It was commonly accepted that the Neanderthal were quite the archetypal cavemen, always ready to hunt with a spear. This idea was partially based on the fact that their right upper arm bone was on average a 50% larger than their left one, so it seemed logical that this overdevelopment was the product of an intense spear thrusting activity. Now researchers in the UK and USA have found that it was probably due to a much more domestic task: hide processing.
The international team of researchers, lead by Professor Colin N. Shaw of the University of Cambridge, tested a series of movements on athletes, measuring their muscle activity with electrodes. They found that, when spear thrusting, the left arm expended more energy than the right one. So the scientists measured another activity that was believed to be very important to the Neanderthal: scrapping.
‘When you put the electrodes on people and have them scrape, the muscle activity fits much better with what you see in Neanderthal humeri,’ says Shaw. ‘It gets us away from the idea that they were spear thrusting as much. They didn’t have to hunt to survive that often, but they were doing some long-term planning for when it became colder by scraping hides.’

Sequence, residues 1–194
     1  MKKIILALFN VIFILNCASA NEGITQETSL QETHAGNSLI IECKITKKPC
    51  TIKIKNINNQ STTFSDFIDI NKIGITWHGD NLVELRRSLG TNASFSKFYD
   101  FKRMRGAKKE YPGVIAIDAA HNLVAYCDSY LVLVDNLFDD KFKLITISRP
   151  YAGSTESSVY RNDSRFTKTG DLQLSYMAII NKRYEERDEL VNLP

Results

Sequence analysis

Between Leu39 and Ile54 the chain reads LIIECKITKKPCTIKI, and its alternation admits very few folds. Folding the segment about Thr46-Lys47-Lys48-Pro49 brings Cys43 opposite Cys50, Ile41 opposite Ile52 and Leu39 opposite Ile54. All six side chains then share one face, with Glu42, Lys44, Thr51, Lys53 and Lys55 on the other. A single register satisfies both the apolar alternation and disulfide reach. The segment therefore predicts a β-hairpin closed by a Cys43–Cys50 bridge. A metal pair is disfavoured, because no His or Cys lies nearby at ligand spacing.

Photo: Erich Ferdinand/Flickr
Colin N. Shaw, Cory L. Hofmann, Michael D. Petraglia, Jay T. Stock, & Jinger S. Gottschall (2012). Neandertal Humeri May Reflect Adaptation to Scraping Tasks, but Not Spear Thrusting PLoS ONE : 10.1371/journal.pone.0040349
The Neanderthal Legacy